Treadmill training with virtual reality to enhance gait and cognitive function among people with multiple sclerosis: a randomized controlled trial

Irina Galperin, Anat Mirelman, Tanja Schmitz-Hübsch, Katherine L. Hsieh, Keren Regev, Arnon Karni, Marina Brozgol, Pablo Cornejo Thumm, Sharon G. Lynch, Friedemann Paul, Hannes Devos, Jacob Sosnoff, Jeffrey M. Hausdorff

Research output: Contribution to journalArticlepeer-review

Abstract

Background: Motor and cognitive impairments impact the everyday functioning of people with MS (pwMS). The present randomized controlled trial (RCT) evaluated the benefits of a combined motor–cognitive virtual reality training program on key motor and cognitive symptoms and related outcomes in pwMS. Methods: In a single-blinded, two-arm RCT, 124 pwMS were randomized into a treadmill training with virtual reality (TT + VR) group or a treadmill training alone (TT) (active-control) group. Both groups received three training sessions per week for 6 weeks. Dual-tasking gait speed and cognitive processing speed (Symbol Digit Modalities Test, SDMT, score) were the primary outcomes. Secondary outcomes included additional tests of cognitive function, mobility, and patient-reported questionnaires. These were measured before, after, and 3 months after training. Results: Gait speed improved (p < 0.005) in both groups, similarly, by about 10 cm/s. The TT + VR group (n = 53 analyzed per-protocol) showed a clinically meaningful improvement of 4.4 points (95% CI 1.9–6.8, p = 0.001) in SDMT, compared to an improvement of only 0.8 points in the TT (n = 51 analyzed per-protocol) group (95% CI 0.9–2.5 points, p = 0.358) (group X time interaction effect p = 0.027). Furthermore, TT + VR group-specific improvements were seen in depressive symptoms (lowered by 31%, p = 0.003), attention (17%, p < 0.001), and verbal fluency (11.6% increase, p = 0.002). Discussion: These findings suggest that both TT and TT + VR improve usual and dual-task gait in pwMS. Nonetheless, a multi-modal approach based on VR positively impacts multiple aspects of cognitive function and mental health, more than seen after treadmill-treading alone. Trial registered at ClinicalTrials.Gov NCT02427997.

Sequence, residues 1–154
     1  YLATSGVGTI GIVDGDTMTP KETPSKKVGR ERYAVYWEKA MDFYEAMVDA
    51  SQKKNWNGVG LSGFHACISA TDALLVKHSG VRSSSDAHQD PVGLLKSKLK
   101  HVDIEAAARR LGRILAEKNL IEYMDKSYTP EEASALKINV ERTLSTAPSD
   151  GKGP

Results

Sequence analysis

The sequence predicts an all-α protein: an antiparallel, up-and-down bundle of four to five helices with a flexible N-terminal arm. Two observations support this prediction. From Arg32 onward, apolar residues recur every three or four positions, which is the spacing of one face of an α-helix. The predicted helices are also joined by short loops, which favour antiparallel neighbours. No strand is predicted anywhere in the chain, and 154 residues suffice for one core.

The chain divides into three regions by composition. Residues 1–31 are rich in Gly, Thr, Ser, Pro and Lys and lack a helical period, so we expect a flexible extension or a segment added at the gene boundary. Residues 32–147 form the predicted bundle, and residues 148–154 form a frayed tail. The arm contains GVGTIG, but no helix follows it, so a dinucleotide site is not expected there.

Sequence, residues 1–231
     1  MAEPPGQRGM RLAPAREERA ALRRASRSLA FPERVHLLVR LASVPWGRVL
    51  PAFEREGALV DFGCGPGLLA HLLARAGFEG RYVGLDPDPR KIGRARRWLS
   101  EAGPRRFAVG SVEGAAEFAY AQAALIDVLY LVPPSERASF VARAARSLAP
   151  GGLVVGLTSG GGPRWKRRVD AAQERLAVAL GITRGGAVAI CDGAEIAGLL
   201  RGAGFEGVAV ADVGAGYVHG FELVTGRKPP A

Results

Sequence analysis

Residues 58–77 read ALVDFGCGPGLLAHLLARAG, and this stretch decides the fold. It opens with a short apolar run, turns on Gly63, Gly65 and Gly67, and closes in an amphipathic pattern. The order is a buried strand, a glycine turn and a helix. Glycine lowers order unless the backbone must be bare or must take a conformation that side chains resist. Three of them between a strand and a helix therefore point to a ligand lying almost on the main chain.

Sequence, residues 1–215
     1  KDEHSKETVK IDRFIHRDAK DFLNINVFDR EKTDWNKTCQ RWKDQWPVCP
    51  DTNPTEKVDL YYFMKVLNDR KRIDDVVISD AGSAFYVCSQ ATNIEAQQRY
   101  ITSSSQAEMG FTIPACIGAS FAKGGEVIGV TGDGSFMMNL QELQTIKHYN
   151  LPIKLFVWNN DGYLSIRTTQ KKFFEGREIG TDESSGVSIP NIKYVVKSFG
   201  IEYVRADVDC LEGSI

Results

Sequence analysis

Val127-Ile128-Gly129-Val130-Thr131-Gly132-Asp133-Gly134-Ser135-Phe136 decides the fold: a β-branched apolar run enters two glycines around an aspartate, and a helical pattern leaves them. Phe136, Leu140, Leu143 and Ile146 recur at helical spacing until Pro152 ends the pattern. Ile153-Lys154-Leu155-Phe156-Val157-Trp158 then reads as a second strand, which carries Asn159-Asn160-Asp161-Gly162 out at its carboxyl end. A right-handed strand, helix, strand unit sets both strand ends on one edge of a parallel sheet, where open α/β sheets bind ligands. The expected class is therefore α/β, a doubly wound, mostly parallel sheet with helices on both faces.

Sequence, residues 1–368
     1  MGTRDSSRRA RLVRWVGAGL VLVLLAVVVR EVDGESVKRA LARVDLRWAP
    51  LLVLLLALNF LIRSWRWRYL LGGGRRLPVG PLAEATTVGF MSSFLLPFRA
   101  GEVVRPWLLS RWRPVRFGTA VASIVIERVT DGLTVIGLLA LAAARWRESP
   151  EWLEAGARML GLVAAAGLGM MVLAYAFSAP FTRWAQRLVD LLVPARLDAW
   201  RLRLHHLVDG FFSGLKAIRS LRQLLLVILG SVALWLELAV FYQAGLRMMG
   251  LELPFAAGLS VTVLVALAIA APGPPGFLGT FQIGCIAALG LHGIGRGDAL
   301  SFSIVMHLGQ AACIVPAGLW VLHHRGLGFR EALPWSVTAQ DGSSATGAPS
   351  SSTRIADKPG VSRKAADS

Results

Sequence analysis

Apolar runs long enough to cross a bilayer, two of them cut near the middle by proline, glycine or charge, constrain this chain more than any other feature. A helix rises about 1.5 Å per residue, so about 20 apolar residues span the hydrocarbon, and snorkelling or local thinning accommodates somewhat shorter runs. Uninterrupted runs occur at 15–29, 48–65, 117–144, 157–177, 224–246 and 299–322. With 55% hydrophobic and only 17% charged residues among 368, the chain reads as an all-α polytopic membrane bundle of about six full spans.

Original languageEnglish (US)
JournalJournal of Neurology
DOIs
StateAccepted/In press - 2022

Keywords

  • Dual task
  • Gait
  • Multiple sclerosis
  • Treadmill training
  • Virtual reality

ASJC Scopus subject areas

  • Neurology
  • Clinical Neurology

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